Marin Marais, Sémélé (1709), American Bach Soloists and Academy, seen August 14.

Rebecca Myers Hoke (Sémélé) and Sara LeMesh (Junon) in Sémélé (Photo: Gas Lamp Productions)
This "splendid performance" of Marais' long-neglected opera was especially notable for its rich score (which contains a vivid earthquake scene); in my original post on Sémélé I wrote that "the 30-strong American Bach Choir and the 50-odd members of the ABS Academy Orchestra created a huge and beautifully intricate sound in the relatively intimate confines of the San Francisco Conservatory's Caroline H. Hume Concert Hall. The vocal soloists, all drawn from Academy participants, were uniformly excellent; special mention should be made of Rebecca Myers Hoke as Sémélé, Sara LeMesh as Junon, and Christopher Besch as Jupiter, who handled their virtuosic roles beautifully."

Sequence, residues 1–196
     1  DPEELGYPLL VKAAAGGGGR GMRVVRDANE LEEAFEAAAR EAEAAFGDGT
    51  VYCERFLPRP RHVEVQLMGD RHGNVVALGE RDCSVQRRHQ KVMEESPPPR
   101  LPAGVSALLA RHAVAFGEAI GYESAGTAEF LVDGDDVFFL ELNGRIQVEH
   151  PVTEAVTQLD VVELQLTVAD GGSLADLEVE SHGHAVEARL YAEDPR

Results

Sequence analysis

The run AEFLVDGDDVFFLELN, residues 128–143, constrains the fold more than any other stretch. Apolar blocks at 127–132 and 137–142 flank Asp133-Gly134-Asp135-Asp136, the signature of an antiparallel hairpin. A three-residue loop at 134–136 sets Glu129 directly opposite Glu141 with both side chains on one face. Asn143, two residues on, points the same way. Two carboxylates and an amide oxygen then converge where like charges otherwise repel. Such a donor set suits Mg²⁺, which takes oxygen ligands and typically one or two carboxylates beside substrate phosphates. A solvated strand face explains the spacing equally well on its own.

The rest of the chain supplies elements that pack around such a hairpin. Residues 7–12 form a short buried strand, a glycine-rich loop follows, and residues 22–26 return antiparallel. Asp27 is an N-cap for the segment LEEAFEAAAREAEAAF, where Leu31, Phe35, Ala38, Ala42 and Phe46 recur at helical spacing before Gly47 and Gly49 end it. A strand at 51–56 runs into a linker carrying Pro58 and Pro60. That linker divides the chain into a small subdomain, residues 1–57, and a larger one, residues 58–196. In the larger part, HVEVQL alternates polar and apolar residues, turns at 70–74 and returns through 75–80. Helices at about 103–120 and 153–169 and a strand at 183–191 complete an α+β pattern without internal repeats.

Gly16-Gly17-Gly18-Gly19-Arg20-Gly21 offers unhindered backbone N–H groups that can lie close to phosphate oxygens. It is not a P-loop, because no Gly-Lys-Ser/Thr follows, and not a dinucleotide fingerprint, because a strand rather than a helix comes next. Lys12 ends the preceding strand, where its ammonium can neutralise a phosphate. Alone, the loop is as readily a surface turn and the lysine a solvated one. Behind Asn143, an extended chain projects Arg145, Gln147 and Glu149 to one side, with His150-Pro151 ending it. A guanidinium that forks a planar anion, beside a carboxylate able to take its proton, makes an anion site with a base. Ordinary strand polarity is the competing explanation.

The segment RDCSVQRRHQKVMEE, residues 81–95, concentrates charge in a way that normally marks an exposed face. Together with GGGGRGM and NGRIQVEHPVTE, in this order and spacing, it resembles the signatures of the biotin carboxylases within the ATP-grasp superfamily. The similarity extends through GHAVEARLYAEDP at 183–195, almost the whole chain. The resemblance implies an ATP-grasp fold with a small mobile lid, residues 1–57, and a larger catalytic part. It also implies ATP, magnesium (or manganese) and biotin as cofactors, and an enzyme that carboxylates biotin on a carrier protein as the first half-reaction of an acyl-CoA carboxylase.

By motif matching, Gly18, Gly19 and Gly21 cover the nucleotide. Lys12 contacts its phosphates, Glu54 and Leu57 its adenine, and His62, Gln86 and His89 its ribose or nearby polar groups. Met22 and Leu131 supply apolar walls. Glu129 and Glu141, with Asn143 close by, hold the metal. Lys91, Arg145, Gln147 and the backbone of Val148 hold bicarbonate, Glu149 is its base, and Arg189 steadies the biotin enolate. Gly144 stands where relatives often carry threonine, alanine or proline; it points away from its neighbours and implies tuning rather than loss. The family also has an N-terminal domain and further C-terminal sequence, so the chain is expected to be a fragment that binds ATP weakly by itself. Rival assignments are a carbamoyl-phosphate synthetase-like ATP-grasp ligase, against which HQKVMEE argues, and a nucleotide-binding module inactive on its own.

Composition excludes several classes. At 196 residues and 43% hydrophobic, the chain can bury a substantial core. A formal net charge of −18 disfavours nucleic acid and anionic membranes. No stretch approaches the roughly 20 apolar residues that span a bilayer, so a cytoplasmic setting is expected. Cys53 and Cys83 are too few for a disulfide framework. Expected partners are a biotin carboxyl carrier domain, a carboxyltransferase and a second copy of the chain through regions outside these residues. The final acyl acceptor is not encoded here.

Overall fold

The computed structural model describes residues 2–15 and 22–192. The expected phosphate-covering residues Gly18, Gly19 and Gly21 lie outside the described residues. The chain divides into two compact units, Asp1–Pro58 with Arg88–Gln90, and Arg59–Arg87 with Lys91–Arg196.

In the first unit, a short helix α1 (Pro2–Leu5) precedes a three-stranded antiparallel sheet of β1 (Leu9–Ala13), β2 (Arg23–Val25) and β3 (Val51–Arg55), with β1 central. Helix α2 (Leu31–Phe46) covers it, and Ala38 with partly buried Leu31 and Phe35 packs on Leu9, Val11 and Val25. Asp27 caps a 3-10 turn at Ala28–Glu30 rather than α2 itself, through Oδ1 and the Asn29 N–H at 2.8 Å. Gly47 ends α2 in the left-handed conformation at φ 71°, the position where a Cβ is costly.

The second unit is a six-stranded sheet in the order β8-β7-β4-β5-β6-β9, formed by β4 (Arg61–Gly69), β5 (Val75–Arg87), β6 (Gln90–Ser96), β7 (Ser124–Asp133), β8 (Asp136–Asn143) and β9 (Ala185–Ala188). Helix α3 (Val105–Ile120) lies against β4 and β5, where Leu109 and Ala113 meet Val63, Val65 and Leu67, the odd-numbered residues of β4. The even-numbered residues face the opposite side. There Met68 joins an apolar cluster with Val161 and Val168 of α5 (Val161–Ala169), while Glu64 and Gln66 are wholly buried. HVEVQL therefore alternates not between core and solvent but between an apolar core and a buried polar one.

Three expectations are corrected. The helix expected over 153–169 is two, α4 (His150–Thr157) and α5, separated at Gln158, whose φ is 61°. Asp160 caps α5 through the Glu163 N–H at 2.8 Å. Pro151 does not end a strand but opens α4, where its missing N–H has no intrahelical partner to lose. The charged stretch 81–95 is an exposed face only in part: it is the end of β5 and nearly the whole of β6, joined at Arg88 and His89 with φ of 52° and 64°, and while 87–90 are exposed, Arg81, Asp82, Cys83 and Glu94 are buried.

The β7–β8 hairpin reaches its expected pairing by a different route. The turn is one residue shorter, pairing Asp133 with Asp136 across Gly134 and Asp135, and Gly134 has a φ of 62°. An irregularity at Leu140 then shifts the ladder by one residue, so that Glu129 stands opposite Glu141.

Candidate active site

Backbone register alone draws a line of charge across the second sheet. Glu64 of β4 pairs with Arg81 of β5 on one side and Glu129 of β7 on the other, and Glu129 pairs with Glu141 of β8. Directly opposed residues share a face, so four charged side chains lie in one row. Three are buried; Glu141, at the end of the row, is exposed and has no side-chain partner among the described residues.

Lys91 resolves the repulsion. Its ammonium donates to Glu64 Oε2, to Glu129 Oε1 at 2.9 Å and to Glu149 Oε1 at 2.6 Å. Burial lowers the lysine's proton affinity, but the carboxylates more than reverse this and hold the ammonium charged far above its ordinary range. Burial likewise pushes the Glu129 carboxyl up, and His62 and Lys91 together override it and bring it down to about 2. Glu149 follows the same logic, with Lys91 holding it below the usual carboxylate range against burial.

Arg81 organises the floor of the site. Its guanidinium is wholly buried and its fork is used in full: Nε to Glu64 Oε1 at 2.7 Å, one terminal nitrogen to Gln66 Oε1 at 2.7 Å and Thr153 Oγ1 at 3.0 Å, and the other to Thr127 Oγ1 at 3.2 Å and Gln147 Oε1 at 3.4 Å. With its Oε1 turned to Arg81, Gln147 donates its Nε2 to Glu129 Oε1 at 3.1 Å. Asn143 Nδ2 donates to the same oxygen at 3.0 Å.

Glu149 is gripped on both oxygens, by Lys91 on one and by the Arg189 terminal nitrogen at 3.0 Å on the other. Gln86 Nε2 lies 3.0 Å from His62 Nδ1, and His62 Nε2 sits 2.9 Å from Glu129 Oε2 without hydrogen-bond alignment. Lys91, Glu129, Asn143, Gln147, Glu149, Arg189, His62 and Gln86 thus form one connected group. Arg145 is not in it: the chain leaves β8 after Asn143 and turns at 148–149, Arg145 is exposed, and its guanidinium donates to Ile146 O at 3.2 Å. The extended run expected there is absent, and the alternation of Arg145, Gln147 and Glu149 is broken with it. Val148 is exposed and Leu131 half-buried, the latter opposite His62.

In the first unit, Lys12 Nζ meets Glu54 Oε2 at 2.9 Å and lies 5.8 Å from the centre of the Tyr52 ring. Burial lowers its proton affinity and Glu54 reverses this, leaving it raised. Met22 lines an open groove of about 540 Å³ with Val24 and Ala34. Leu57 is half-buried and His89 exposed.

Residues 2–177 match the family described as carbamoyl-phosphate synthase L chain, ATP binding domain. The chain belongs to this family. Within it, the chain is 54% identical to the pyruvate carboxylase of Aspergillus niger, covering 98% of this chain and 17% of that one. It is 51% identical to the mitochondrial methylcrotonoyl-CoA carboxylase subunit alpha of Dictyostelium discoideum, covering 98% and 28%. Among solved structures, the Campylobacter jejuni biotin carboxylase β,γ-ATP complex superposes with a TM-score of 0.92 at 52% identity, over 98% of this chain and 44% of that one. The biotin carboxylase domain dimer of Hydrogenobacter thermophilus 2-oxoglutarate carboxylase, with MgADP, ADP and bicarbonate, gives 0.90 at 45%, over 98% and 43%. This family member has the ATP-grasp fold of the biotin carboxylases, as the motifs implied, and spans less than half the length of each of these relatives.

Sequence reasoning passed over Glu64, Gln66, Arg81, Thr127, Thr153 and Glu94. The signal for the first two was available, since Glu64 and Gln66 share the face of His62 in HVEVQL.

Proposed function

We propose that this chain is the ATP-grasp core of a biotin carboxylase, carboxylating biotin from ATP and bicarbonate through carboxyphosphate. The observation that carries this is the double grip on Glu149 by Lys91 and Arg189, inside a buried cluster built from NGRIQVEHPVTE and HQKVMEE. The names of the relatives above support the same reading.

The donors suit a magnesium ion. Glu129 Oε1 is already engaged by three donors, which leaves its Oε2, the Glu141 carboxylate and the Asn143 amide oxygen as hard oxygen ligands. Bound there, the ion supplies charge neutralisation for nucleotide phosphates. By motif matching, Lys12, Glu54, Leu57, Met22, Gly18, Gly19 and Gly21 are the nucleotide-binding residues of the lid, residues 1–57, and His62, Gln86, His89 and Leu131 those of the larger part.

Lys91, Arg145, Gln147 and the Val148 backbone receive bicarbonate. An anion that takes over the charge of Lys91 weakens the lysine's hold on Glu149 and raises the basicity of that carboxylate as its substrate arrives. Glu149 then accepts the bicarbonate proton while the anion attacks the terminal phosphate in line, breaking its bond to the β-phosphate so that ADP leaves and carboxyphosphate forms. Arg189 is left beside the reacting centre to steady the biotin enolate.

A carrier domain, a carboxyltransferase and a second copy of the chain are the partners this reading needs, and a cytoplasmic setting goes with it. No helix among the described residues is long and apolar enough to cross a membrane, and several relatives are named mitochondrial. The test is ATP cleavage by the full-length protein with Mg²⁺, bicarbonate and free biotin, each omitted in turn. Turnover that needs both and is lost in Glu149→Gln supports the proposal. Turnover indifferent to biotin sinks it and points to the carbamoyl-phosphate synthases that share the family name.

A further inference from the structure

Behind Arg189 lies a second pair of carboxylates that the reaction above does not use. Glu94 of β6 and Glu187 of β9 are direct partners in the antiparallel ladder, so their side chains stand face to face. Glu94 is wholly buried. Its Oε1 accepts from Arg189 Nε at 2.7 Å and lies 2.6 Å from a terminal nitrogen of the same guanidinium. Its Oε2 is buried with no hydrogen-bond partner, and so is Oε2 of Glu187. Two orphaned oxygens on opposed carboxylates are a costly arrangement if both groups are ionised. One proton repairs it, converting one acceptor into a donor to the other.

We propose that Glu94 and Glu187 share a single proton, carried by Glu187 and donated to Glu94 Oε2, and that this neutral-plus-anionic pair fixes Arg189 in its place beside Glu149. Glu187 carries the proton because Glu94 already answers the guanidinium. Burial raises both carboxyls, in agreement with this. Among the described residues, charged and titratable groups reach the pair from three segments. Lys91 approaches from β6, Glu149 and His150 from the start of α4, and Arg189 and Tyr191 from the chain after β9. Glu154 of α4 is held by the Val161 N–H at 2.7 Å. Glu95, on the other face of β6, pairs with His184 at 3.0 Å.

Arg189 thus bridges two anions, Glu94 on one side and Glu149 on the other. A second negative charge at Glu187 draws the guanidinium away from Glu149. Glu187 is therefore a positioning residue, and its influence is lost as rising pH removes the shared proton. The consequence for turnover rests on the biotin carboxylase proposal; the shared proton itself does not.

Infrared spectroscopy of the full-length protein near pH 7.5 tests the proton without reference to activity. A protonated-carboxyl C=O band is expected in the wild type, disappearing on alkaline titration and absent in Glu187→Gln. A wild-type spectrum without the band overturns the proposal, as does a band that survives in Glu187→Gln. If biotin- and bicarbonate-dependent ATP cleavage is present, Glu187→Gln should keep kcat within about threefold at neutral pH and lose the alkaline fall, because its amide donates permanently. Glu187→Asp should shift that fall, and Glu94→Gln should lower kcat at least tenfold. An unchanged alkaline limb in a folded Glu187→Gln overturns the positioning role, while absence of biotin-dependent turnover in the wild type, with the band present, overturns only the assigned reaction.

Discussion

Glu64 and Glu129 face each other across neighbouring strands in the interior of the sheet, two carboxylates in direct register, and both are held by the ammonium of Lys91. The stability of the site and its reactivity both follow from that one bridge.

Recordings

Agostino Steffani: Niobe, Regina di Tebe. Karina Gauvin, Philippe Jaroussky, and other vocal soloists. Boston Early Music Festival Orchestra, Paul O'Dette and Stephen Stubbs, musical directors; Erato.

The spectacular operatic centerpiece of the 2011 Boston Early Music Festival has been issued in a beautifully produced CD box. While I had my reservations about the dramatic and theatrical dimensions of Steffani's opera, the music—especially for Jaroussky's Anfione—is frequently gorgeous. Gauvin and Jaroussky are international stars, but there isn't a weak link in the cast. Secondary roles are taken by singers who frequently perform leading roles in other BEMF productions: Amanda Forsythe (2015's Poppea), Aaron Sheehan (2015's Orfeo), and Colin Balzer (2015's Ulisse). Niobe richly deserves the accolades it has already received, including the Diapason d'Or, the ECHO Klassik World Premiere Recording of the Year, and a Gramophone magazine Recording of the Month and nomination for a Baroque Vocal Award. Here is a sample of the music for Anfione taken from the 2011 staging:



Steffani, a composer from the generation before Handel, is unjustly overlooked, and with luck projects like this and like Cecilia Bartoli's Mission (one of my Favorites of 2012) will remedy this neglect.

Franco Fagioli: Porpora Il Maestro. Academia Montis Regalis, Alessandro de Marchi, conductor; Naïve.